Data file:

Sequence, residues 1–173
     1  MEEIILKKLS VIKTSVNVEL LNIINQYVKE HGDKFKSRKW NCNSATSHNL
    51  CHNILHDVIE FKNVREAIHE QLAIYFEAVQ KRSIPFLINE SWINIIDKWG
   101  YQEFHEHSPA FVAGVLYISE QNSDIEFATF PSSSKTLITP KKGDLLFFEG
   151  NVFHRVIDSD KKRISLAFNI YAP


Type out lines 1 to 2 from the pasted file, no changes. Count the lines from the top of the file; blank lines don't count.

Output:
Sequence, residues 1–173
     1  MEEIILKKLS VIKTSVNVEL LNIINQYVKE HGDKFKSRKW NCNSATSHNL